May 24th 2008

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Articles from this issue:

COVER STORY: Rudd Budget targets 'middle-class' welfare

EDITORIAL: 'Whom the gods wish to destroy...'

LABOUR MARKET: Post-school education and training: a national crisis

ECONOMIC AFFAIRS: Oil imports threaten to blow out foreign debt

ENERGY: Germany's rapid development of renewable energy

SCHOOLS: Dubious deal offered to pupils' parents / Faith schools' autonomy defended

CIVIL LIBERTIES: Political correctness suppresses free speech

ABORTION: Why abortion should remain a crime

PUBLIC AFFAIRS: The indispensable role of government

DEFENCE: Lest we forget our duty of care to servicemen

OLYMPIC GAMES: Clean-up or purges? Beijing prepares for the Games

INTERNATIONAL POLITICS: Is the United Nations beyond repair?

AS THE WORLD TURNS: Westerners acquiescing to creeping sharia / Oil fuelling world's conflicts

OPINION: Why we should encourage creation of new Australian states

Plight of young home-buyers (letter)

In defence of global warming (letter)

Wrong way to tackle inflation (letter)

US presidential elections (letter)

Life, not euthanasia (letter)

BOOKS: THE CHURCH AND THE WORLD: Essays Catholic and Contemporary, by John Haldane

Books promotion page

Dubious deal offered to pupils' parents / Faith schools' autonomy defended

by Kevin Donnelly

News Weekly, May 24, 2008
The Victorian education minister is seeking to draw Catholic schools into the state system.

Victorian education minister Bronwyn Pike's call for increased government ties with Victoria's Catholic schools has been described as radical. One Melbourne-based academic, Brian Caldwell, calls it the boldest education idea he has heard for some time.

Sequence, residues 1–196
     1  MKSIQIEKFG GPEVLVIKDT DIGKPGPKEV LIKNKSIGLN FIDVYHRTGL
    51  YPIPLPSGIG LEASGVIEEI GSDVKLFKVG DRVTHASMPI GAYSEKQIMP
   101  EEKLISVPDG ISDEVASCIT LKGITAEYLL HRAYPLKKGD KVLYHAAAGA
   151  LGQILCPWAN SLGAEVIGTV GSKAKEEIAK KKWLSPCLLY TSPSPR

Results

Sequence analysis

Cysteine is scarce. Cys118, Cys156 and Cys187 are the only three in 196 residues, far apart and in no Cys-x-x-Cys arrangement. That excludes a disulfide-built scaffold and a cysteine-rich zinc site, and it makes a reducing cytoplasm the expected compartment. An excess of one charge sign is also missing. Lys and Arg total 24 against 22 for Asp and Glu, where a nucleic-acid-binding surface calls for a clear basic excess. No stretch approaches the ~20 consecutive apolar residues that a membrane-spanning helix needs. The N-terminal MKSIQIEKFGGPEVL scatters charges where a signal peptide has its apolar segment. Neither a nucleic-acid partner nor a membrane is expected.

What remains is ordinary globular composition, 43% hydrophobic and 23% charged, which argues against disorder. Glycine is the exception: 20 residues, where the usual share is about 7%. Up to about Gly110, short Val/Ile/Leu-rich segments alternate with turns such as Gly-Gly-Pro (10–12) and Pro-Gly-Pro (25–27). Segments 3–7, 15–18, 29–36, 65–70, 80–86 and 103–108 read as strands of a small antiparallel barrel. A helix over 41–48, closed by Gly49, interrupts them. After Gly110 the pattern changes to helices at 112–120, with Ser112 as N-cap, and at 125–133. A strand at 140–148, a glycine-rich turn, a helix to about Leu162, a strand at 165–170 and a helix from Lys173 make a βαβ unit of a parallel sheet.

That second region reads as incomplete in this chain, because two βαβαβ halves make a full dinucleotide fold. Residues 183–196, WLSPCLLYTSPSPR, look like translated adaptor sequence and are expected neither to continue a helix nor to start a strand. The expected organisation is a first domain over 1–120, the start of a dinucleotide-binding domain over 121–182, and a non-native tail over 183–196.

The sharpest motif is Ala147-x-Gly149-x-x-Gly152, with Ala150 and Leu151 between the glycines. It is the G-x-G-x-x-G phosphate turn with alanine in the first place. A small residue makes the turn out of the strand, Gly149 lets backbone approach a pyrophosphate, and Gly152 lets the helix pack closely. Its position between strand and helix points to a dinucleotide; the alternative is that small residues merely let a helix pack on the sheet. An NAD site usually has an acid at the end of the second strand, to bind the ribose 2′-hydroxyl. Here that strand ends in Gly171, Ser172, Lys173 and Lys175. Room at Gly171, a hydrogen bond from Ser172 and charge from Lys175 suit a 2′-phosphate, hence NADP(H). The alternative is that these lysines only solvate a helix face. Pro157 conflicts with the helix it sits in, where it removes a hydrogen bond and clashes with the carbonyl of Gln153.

On first appearance, the idea looks okay. Getting government and Catholic schools to work in partnership — sharing facilities and curriculum programs — has the potential to make the education dollar go a lot further.

Both systems deal with refugee children and kids doing it hard from low socio-economic communities; so, as argued by Minister Pike, it makes sense if the government makes the two systems work together instead of being in competition.

But, is it really such a good idea? It's no secret that the government system is losing students to non-government schools, especially Catholic schools. Between 1997 and 2007, across Australia, government school students grew by only 1.7 per cent, while enrolments in non-government schools grew by 21.9 per cent.

No wonder there are now 94 Catholic secondary schools and 382 primary schools teaching some 184,000 Victorian children as parents search for schools that teach clear moral values, have disciplined classrooms and achieve strong academic results.

The reason why non-government schools are so successful, compared with government schools, is that they have the freedom to hire, fire and reward better staff and to develop a curriculum that best suits the needs of their local communities.

Catholic schools are unique with their commitment to teaching the faith and giving students a strong grounding in the religious attitudes and values central to the Catholic tradition.